It finally happened for you. You found your forever home and are ready to start the purchasing process, but how do ensure the best deal for you and your family? Navigating mortgage rates can be overwhelming and confusing. It’s a big decision, so here are some things you should consider when looking into Mortgage Rates.
Your Credit Score
You would be surprised how many people don’t factor in how their credit score impacts the interest rates they will end up paying over the course of 30 years, and most importantly, if they would even qualify for the loan. If buying a home is one of your most coveted goals in life, start looking into your credit at least 6 months before you start shopping for the best mortgage rates. Is there something you can do to lower your overall debt? Maybe you can transfer some of your current credit card balance into a new card, with a 0% APR introductory rate, or you have a bonus coming up soon you can use to pay some of your student loan balance. Doing so might immediately boost your credit score enough points for you to get a better deal when looking into buying your dream home.
When you find a promising mortgage lender, the next order of business is to deep dive into researching their reputation. It’s not only about the mortgage rate they can offer you or their fees, how long do their closings usually take? How available are they to answer your calls and offer you help? If they offer you amazing rates but they’re notorious for being hard to find and out of reach, then probably that company is not a reputable mortgage lender. You want someone who will be a part of your process, actively helping you and making your life easier.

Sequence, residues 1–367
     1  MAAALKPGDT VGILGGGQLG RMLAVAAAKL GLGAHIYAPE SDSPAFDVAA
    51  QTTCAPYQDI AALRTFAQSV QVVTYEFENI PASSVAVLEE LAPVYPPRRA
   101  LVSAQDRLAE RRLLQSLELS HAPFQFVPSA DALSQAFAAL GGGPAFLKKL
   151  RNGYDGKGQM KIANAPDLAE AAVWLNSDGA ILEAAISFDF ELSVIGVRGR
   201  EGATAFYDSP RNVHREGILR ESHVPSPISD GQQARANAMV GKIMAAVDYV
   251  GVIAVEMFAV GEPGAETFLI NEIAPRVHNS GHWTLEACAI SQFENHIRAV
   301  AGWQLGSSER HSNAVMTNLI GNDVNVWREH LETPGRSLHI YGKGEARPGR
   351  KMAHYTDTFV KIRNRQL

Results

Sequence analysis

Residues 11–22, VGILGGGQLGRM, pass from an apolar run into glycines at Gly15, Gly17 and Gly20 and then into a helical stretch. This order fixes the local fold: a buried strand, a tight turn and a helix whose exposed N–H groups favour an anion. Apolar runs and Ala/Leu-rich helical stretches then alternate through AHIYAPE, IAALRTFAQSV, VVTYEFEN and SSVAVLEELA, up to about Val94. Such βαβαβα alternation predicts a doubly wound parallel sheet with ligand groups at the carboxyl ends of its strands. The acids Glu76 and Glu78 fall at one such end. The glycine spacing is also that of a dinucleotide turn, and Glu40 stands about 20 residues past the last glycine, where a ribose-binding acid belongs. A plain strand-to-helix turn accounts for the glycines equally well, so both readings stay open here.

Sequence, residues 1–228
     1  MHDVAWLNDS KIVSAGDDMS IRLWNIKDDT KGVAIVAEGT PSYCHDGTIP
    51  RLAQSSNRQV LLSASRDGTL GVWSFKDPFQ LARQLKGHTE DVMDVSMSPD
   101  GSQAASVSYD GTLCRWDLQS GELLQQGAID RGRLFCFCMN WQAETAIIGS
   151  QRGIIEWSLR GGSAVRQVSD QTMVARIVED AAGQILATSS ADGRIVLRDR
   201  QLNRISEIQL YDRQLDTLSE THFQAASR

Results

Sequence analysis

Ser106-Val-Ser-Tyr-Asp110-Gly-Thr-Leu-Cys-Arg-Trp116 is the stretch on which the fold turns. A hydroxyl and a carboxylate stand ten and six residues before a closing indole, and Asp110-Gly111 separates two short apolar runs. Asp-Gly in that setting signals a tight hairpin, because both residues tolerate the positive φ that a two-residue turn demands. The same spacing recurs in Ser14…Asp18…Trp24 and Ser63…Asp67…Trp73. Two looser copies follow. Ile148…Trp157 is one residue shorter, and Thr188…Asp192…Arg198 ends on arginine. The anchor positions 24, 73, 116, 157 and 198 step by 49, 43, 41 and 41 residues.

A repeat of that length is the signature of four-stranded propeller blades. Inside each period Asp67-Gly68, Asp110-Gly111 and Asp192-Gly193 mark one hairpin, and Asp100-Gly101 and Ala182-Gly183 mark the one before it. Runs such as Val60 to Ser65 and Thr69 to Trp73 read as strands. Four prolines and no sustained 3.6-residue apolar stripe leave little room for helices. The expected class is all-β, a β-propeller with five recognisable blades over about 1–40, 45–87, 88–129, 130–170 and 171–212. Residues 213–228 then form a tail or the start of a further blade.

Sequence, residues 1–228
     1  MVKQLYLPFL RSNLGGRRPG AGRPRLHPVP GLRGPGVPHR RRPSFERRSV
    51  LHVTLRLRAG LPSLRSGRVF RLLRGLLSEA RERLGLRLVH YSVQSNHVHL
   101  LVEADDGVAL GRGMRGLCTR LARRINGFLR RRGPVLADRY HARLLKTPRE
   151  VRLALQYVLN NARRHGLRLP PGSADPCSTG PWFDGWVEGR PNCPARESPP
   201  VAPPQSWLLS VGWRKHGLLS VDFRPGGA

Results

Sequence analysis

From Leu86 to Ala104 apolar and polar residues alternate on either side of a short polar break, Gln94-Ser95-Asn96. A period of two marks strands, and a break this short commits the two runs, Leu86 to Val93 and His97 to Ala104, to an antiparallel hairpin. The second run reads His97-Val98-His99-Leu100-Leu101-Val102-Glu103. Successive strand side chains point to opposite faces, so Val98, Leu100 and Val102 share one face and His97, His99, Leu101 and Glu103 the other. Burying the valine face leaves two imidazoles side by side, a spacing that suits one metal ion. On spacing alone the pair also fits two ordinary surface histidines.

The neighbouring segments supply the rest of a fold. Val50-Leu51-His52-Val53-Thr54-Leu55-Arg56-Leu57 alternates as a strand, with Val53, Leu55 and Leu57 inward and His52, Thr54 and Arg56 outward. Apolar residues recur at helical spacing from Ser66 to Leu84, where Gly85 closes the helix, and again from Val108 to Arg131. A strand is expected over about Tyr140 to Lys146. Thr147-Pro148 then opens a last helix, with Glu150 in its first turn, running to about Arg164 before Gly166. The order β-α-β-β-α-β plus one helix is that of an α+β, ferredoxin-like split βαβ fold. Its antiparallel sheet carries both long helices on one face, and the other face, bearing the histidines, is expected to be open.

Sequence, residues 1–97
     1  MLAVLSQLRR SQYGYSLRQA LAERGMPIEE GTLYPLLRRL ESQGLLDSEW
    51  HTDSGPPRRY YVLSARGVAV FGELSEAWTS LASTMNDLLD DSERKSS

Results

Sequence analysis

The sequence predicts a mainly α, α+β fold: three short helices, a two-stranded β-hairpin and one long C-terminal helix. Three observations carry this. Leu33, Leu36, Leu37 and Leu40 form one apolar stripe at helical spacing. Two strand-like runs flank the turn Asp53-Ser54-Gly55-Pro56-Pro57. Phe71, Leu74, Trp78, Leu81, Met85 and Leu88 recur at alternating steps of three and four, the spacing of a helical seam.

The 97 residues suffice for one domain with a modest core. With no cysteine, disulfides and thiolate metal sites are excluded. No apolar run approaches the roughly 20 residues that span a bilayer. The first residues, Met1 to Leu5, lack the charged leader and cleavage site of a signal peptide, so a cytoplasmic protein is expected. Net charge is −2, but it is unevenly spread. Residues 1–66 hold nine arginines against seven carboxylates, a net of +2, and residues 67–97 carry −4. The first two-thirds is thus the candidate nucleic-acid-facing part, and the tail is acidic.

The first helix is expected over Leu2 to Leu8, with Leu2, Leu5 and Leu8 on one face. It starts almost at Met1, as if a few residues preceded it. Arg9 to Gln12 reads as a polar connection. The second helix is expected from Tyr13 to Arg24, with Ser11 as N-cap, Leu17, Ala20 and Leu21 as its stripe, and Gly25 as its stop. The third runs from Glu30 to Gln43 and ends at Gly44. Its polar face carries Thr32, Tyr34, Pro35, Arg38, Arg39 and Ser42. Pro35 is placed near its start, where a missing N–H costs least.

Types of Loans
Do you truly understand mortgage rates terminology? Some loan types include:
- Fixed rate
- ARM (Adjustable-Rate Mortgage)
- FHA (Federal Housing Administration)
- VA (Veterans Administration
- USDA (US Department of Agriculture)
- Non-Qualifying Mortgage
Don’t approach lenders without any knowledge of what you’re getting into. Research and digest the concepts beforehand, so you feel well equipped to handle conversations and negotiations with your lender.
Origination and administrative fees can set you back thousands of dollars right when you thought your mortgage closing was a done deal. In addition to the rate your hoping to acquire, what differentiates your lender from the rest? An example that comes to mind is that our in-house lender has a flat rate for their origination/admin fees, which usually provides some distinct advantages when buyers are looking at properties over $500k.